After the police arrest citizens for minor copyright infringements that allegedly took place on OiNK, they now face their own anti-piracy woes. Chief Constable Steve Finnigan is accused by the music industry of copyright infringement and now faces High Court action. Police pirates – who would have imagined it?
When it comes to copyright, we live in a strange world of double-standards. One minute a minor copyright infringer will be ignored or tolerated, the next thing we know – such as in the recent OiNK arrests – those same civil law infringements are inflated to become some sort of next-level serious cyber-crime.
A few days later, and those same offenses are now just worthy of a simple warning – confusing times.
Today, the strange world of copyright has the music industry threatening those it has encouraged to work for them in the OiNK case – the police.
UK music licensing outfit the “Performing Right Society” (PRS) – the guys that come asking for money when you play any music within earshot of the public – is rolling out the big guns ready for a High Court showdown with a little known group of music pirates, known in the UK as ‘the police’. Not the band of the same name, but that government organization people rely on for keeping law and order.
According to a report, the police in the county of Lancashire have apparently committed a terrible crime and let the whole country down. Rather like the copyright infringing tea-rooms and their carol-singing occupants we wrote about last year, it appears that the police have been recklessly listening to music in stations all over the county – without a license. The PRS aren’t happy.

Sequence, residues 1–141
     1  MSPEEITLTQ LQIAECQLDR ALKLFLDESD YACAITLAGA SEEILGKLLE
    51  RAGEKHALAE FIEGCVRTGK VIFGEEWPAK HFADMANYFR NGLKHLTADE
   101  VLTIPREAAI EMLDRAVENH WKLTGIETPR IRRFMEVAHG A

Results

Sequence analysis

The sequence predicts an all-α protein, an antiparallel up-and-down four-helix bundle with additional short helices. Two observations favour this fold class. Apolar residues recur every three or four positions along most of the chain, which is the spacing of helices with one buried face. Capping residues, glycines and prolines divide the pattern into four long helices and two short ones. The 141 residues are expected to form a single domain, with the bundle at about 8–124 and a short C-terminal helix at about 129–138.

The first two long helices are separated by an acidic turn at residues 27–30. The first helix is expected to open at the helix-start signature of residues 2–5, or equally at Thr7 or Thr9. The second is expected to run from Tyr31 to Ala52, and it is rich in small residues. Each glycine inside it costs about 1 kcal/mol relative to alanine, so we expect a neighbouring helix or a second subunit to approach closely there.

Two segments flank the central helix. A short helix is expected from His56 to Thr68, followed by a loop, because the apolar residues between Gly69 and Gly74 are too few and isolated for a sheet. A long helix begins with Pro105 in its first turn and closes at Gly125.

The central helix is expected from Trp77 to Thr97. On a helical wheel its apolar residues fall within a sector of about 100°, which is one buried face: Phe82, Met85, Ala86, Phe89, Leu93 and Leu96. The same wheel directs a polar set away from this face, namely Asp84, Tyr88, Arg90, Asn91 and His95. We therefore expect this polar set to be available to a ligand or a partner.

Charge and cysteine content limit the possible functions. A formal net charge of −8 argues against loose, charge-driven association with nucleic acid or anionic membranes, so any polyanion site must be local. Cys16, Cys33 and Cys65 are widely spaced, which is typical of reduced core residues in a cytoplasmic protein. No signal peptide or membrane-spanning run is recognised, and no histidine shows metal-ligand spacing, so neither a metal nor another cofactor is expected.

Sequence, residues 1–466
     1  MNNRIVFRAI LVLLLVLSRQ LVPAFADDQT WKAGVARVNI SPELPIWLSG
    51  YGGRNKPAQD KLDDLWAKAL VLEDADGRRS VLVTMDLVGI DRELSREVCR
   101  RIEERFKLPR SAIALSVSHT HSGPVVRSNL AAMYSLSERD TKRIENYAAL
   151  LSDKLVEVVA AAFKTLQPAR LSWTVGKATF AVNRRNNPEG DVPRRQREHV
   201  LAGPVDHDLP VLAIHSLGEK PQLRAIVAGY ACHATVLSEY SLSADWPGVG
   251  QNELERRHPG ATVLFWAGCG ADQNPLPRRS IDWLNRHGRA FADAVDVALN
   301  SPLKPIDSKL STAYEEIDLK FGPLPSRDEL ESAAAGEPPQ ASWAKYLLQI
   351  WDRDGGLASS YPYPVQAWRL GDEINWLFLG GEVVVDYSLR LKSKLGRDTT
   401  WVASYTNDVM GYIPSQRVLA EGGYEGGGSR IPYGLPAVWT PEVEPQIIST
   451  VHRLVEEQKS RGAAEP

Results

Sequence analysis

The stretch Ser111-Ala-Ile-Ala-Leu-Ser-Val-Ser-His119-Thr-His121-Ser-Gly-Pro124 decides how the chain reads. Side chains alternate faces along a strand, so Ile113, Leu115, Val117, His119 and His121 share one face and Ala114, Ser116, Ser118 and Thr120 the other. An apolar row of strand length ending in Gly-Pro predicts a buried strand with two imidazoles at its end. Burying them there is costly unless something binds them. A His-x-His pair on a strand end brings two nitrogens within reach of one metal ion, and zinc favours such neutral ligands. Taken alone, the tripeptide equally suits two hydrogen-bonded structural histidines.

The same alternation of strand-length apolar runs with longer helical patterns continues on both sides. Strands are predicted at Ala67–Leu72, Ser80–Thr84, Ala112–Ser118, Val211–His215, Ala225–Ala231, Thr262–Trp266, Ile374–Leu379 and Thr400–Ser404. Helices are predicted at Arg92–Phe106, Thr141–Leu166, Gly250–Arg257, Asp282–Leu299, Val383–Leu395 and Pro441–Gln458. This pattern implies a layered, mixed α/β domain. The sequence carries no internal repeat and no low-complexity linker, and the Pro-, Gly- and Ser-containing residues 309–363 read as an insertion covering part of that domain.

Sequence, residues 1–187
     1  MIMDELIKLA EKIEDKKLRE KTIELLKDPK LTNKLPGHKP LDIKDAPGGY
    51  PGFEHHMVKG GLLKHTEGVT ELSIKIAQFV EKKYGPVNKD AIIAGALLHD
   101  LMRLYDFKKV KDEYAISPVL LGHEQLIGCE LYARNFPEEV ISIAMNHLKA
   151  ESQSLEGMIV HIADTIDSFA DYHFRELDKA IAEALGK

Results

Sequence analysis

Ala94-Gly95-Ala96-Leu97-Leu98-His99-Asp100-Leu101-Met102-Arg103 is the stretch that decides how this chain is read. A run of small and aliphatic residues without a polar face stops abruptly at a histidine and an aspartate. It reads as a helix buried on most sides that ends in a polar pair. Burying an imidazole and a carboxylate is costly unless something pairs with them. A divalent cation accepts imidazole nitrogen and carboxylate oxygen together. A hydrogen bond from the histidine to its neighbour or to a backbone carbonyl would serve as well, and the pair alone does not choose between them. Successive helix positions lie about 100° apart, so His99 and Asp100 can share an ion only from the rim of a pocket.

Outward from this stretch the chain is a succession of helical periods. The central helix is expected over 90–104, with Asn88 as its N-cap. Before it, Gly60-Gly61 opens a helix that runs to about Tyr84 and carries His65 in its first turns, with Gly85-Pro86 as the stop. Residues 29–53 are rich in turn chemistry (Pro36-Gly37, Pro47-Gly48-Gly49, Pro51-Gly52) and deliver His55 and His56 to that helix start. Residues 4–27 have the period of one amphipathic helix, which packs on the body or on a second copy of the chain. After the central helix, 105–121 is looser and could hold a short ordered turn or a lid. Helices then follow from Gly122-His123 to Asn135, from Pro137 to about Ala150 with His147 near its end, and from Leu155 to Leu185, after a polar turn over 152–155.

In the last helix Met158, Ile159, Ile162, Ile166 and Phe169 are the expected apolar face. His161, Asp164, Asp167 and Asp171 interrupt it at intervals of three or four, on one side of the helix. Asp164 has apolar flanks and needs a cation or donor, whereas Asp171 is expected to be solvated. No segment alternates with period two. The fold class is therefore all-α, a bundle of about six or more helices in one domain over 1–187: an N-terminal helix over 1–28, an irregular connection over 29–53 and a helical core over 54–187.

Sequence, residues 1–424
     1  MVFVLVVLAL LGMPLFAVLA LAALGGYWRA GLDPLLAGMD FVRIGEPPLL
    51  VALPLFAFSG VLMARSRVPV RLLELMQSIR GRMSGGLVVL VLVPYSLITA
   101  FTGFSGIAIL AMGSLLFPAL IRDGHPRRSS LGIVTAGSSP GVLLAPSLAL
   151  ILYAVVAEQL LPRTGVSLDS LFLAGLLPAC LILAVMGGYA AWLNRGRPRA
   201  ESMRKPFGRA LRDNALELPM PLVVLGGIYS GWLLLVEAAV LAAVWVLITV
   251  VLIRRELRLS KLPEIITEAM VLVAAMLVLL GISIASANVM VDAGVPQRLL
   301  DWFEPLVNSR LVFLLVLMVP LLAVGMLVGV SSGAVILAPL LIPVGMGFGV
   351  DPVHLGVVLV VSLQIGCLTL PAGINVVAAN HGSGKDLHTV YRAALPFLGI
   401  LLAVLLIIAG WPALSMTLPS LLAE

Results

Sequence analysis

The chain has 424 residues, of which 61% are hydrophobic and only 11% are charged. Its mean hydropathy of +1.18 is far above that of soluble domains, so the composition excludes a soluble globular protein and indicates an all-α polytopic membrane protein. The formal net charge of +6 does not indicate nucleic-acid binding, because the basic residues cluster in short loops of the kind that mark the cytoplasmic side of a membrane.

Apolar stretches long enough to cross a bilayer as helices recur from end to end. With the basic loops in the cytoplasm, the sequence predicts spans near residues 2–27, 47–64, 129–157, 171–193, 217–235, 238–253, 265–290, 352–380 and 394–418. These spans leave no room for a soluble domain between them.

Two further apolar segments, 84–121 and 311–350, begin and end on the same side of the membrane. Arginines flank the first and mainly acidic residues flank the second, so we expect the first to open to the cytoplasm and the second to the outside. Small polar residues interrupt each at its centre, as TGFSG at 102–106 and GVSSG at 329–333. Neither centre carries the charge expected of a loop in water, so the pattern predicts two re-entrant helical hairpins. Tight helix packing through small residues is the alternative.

Chief Constable Steve Finnigan is the guy being held accountable for this awful breach of copyright across 34 police stations in his county. One shudders to think of the damage that these boys-in-blue have caused the industry, as they coincidentally listen to the radio at the same time as serving the citizens of Britain. But it doesn’t stop there – according to a High Court writ, unlicensed music has also been played in police gyms, conferences, presentations and office parties.
As if things aren’t bad enough, there are worrying claims that telephone callers to police stations were put on hold and forced to listen to unlicensed music while they waited to report crimes. The trauma of ‘holding music’ is bad enough, but throw ‘unlicensed’ holding music into the mix and the gravity of this infringement is obvious.
The PRS is looking to get an injunction against the force and if it’s successful it will silence music in police stations right across the county, unless they dig deep for the appropriate license. The PRS is also sensitively and sensibly claiming damages from the already under-funded police.
It seems that further police forces in the UK have informed the PRS that music is often played in the background in their offices, with eleven of them either failing or refusing to obtain licenses enabling them to listen to it legally.
Generally, the PRS make a request for information from people who they believe should be paying them money, usually by letter. The recipient is then expected to tell them all about their music-playing antics and after this is complete, the PRS calculate and then send out a bill. Interestingly, it’s claimed that the head of legal services at Lancashire police told the PRS that she had instructed her colleagues to ignore the requests for information. She then emailed the PRS and said she had instructions to accept the service of proceedings against the force.
The PRS legal eagles believe that Steve Finnigan is admitting the claims, which could mean that the UK will shortly have its first Pirate Chief Constable. Let’s hope his associates at Cleveland Police don’t get involved – the last thing the police boss needs is to be arrested on conspiracy to defraud the music industry.